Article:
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The Joy of Creating Handmade Cards

Today in my Flickr account I came across a photo from my trip to Belize in 2007:

Pineapple Thank You Card

This photo reminded me how much joy I get creating handmade cards and giving them to family and friends. For many years I've preferred to create cards (when I plan ahead) because they're fun to do and are always received well.

And you know it's really much easier than you think. With computer card software being so popular, you can get pre-folded blank cards, complete with matching envelopes at any office supply or Target store. Most stores will have simple colored pencil kits, and as for pens, the Pilot G2 and Uniball Signo 207 work well.

I recommend sketching out your idea in graphite pencil very lightly, then draw over the pencil with the G2 or Signo's black gel ink. Erase the pencil. Color the card with the colored pencils, or if you wish, keep it black and white like my card above.

You can add a message inside, and be sure to write some kind of "created by" message on the back of the card. My line in college when I started creating cards was:

"Rohde Cards: When you're too cheap to send the very best."

Belize Thank You Card Story
As for the story behind the handmade card above, I was in Belize in July 2007, as a part of a church service group. A small team from the larger group paid a visit to a Mennonite family in the village of St. Margaret's, in the mountains of Belize.

The family we visited was incredibly hospitable to our team. They offered fresh pineapple juice and friendly conversation at their home overlooking the river, high on a hillside. I wanted to say thanks, but what can you offer a Mennonite family they don't already have — or will accept?

How about a handmade thank you card?! :-)

With this in mind, I drew up a little thank you card on spare construction paper, had our entire group sign the back and sealed both sides with leftover clear contact paper. Our team presented the card to the family, which they loved.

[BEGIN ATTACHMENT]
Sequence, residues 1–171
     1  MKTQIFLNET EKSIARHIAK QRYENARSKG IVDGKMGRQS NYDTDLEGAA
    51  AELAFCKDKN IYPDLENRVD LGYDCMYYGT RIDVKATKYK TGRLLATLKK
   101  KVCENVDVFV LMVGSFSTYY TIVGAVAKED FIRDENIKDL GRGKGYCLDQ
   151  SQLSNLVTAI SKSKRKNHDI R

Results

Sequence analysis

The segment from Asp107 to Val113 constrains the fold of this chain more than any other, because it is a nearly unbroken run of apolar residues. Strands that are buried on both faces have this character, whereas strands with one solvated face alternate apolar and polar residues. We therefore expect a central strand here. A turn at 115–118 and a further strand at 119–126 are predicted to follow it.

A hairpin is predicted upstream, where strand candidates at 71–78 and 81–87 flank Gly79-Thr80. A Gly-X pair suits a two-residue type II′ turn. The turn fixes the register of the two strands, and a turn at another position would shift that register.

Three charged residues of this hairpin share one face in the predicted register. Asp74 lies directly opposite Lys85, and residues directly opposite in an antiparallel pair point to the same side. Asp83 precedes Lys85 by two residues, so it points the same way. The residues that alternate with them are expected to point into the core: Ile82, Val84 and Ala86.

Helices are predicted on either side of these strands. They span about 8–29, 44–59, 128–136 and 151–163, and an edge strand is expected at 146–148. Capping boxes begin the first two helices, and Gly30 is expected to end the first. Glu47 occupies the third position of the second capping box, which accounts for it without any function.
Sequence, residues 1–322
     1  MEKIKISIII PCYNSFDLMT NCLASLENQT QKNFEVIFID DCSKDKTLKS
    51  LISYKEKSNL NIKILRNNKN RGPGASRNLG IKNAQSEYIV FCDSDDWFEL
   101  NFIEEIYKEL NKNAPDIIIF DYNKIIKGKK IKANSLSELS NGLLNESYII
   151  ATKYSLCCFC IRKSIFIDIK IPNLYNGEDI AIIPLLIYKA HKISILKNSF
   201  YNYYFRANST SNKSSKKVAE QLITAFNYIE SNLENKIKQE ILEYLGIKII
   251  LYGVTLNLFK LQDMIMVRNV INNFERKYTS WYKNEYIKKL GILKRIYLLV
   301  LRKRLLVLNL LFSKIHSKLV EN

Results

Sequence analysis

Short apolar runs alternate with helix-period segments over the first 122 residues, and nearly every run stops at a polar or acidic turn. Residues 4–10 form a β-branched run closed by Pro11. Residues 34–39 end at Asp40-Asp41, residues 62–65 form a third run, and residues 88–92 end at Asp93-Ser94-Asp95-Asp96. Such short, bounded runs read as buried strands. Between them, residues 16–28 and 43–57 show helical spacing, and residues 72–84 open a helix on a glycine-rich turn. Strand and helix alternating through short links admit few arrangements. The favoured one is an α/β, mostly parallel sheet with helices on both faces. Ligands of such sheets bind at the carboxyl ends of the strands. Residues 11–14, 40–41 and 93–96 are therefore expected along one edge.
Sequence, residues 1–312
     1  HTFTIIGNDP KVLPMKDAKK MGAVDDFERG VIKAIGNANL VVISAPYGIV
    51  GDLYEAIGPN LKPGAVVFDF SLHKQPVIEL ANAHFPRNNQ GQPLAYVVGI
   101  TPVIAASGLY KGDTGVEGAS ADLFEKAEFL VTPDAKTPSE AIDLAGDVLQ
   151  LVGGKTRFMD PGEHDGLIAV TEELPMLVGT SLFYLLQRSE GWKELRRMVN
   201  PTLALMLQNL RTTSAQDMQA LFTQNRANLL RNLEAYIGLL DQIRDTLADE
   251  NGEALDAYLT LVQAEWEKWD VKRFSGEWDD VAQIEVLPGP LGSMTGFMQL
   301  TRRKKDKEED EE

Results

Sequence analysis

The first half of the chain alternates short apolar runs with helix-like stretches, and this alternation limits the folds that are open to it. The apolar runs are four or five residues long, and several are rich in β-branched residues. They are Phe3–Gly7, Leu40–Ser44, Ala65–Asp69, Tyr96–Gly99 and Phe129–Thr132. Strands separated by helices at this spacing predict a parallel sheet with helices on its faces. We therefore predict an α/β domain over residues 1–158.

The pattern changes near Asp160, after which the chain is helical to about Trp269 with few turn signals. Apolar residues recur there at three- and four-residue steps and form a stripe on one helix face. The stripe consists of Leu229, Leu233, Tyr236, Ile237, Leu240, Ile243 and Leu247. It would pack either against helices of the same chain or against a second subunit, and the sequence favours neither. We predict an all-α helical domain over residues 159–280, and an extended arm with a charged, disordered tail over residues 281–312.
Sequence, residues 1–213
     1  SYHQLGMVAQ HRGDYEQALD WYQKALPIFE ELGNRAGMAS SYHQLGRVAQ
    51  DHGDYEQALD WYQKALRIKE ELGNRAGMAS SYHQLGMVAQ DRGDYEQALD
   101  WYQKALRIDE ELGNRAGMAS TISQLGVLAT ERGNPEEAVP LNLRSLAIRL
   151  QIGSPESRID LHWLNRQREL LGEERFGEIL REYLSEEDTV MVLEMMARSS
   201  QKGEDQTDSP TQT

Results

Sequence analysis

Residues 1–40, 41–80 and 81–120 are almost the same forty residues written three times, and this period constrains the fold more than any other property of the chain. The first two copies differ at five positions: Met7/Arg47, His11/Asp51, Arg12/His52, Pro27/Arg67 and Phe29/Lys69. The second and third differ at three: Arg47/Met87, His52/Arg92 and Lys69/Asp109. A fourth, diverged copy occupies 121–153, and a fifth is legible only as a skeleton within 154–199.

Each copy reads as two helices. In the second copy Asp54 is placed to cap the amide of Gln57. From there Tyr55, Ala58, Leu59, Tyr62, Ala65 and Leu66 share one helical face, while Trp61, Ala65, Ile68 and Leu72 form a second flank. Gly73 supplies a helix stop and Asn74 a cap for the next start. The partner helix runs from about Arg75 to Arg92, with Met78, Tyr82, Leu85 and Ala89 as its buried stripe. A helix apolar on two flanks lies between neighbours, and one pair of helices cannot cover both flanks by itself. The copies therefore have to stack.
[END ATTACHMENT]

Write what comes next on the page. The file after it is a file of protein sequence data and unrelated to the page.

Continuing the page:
Go Forth and Create Handmade Cards!
So, visit the store this week and get your supplies for Mother's Day! Your mom will adore your handmade work, regardless of your drawing skills. Remember, it's not about your skills as an illustrator, it's about sharing from your heart!

Photo Credit: Laura Winslow

Reader Comments (3)

Your drawing style on the postcards and sketchnotes etc rally makes me wish I would have kept on drawing in my early years. Now it should be "Rohde Cards: When you're smart enough to send the very best."
May 6, 2008 | Unregistered CommenterOve Klykken
Ove, you can still begin again! The more you practive the better you get, so start now! :-)
May 6, 2008 | Unregistered CommenterMike Rohde

Been a while since I popped into your site to see what you have been up to. Awesome share bro!

You reminded me of how much I enjoyed doing the same kind of thing at Christmas. I don't sketch quite as nicely as you do but I have 2 boys that live in another state so with my 3rd son we had a blast creating a massively oversized card complete with a 20 page story inserted in. A lot of time was spent crafting the story and I did a sketch for every other page, letting my 6 year old draw the other pages.. It was crazy time consuming but making something for someone is just as rewarding, if not more, than receiving it.

Also, you're right in what you are telling Ove. Some people just simply lack the patience and the ability to learn certain skills but if you have a genuine interest and an eye for detail you can always learn to draw. Having resources is useful, but the best way to learn is by leaching off more talented people.

Oh, BTW, you should see this awesome pineapple I drew. I made it all by myself and even put a nice border around it with my favorite bible verse.--j/k -- Except about the verse, I love that one.

May 12, 2008 | Unregistered CommenterCollin

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